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Evaluation of greenhouse gas emissions and energy recovery from planting street trees

Ying‐Chu Chen

Greenhouse Gases: Science and Technology, 2020, vol. 10, issue 3, 604-612

Abstract: This study evaluated street trees’ potential for energy recovery and greenhouse gas (GHG) mitigation/emissions throughout their lifespans. Trees can mitigate GHG emissions as a result of CO2 uptake during growth; but GHGs are emitted when the branches and/or leaves are used as compost or fuel for energy production at the end of its life. A 41‐year period (1976–2017) of the street trees along the sidewalks of the Tianliao river in Keelong city in Taiwan was taken a case study. The results showed that planting street trees helps mitigate climate change by reducing total GHG emissions (15 661 t CO2‐eq) and producing an amount of renewable energy (5.9×106 kWh), that is around 1% of the renewable energy generated by 24 waste‐to‐energy plants in Taiwan. The GHG mitigation during the lifespans of street trees can efficiently compensate for the GHG emissions that occur during end‐of‐life treatment (including both incineration and composting). On average, around 40 t CO2‐eq of GHG mitigation would be achieved by planting a street tree. The cost‐effectiveness analysis showed that US$223 992 were saved over the study period due to the reduction in carbon tax achieved by the mitigation of GHGs. The results of this study should increase awareness on the importance of planting trees and managing wood waste in environmental protection strategies for mitigating climate change. © 2020 Society of Chemical Industry and John Wiley & Sons, Ltd.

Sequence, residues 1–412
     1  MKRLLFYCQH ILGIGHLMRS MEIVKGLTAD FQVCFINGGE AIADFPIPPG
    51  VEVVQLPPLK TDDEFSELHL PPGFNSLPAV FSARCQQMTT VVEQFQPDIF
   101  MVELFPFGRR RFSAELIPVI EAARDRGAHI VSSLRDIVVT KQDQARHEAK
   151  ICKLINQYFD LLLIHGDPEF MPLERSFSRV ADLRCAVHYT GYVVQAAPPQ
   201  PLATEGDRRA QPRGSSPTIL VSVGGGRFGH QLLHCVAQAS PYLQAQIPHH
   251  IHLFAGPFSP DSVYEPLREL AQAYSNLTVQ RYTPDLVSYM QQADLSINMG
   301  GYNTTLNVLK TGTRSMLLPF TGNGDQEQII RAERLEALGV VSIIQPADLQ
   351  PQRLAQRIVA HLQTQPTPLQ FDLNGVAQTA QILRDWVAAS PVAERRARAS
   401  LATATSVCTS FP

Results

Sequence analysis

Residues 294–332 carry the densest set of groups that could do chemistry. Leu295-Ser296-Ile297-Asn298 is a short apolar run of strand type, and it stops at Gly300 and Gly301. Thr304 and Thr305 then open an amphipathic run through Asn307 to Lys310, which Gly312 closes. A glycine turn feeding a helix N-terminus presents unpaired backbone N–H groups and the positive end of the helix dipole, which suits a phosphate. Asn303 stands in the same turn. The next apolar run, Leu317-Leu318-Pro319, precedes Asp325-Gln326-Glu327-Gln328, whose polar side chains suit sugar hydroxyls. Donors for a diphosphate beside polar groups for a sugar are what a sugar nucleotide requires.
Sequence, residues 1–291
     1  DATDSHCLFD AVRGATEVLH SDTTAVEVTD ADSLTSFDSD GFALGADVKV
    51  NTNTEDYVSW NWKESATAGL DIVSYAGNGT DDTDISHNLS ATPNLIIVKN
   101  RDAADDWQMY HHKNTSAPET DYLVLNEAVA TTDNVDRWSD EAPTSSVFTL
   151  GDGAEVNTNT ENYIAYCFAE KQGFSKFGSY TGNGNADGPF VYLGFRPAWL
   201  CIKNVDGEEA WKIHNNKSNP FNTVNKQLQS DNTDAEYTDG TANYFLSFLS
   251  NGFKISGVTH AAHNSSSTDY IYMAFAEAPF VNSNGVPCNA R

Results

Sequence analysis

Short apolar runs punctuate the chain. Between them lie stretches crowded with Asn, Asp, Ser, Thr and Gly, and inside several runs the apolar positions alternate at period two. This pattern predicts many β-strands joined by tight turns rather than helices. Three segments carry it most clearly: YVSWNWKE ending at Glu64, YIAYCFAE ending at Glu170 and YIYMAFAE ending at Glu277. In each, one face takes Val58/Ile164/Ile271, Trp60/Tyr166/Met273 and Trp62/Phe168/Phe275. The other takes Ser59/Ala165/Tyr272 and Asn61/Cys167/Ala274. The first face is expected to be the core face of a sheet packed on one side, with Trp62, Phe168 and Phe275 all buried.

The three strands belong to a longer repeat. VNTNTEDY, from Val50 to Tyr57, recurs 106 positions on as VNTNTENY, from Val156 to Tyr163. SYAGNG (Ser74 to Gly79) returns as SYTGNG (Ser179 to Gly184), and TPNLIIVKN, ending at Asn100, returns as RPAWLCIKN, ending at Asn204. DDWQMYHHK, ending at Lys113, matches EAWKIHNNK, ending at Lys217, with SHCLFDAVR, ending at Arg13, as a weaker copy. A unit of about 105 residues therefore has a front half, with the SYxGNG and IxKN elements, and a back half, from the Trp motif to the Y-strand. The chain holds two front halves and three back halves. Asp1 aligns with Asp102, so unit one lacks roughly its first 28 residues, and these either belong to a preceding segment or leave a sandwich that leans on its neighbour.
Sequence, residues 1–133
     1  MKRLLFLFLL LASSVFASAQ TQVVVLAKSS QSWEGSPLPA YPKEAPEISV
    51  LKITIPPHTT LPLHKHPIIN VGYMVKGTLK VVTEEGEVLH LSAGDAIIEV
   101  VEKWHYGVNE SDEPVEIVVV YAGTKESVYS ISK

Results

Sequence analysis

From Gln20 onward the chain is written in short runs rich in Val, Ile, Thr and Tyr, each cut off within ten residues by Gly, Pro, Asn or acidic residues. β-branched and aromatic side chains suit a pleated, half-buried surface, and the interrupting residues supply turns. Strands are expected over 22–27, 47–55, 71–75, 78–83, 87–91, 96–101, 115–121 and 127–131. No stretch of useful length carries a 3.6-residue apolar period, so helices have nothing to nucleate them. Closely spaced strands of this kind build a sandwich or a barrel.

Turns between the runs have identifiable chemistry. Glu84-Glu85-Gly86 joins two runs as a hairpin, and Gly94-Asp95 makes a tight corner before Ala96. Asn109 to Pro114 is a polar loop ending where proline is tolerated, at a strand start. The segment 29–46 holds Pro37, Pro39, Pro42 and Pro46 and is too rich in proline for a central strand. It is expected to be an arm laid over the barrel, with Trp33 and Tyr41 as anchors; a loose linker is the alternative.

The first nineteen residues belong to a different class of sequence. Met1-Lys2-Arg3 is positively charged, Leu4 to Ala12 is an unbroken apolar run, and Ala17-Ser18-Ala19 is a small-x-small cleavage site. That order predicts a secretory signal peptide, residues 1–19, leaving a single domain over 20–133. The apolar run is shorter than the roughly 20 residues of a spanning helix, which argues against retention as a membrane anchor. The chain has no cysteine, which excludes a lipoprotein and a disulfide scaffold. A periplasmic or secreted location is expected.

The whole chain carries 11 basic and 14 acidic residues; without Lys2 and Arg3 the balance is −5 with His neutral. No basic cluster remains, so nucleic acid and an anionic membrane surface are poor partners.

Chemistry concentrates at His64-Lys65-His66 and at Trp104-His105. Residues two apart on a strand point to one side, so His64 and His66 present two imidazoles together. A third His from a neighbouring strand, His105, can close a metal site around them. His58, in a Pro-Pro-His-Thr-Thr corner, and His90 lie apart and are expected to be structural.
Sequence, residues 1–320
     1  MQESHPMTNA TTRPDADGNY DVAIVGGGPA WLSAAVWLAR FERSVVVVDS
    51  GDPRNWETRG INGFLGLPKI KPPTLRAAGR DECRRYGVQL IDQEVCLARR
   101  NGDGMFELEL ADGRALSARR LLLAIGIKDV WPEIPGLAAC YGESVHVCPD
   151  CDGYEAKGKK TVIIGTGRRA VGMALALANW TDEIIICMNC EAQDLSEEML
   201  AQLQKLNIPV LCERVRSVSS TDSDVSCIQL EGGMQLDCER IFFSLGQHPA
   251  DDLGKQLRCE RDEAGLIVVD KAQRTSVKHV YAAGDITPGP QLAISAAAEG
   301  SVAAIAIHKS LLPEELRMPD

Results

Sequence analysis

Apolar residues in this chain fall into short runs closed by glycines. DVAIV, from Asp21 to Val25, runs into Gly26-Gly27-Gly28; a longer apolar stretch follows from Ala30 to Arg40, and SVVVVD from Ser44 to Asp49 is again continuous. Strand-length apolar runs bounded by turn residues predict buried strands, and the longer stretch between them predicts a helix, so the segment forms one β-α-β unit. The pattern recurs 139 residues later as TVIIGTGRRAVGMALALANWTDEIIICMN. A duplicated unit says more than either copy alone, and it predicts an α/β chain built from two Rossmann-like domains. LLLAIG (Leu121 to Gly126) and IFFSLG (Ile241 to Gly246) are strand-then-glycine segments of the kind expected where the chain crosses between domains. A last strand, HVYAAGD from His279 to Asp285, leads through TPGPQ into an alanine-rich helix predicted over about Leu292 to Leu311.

Date: 2020
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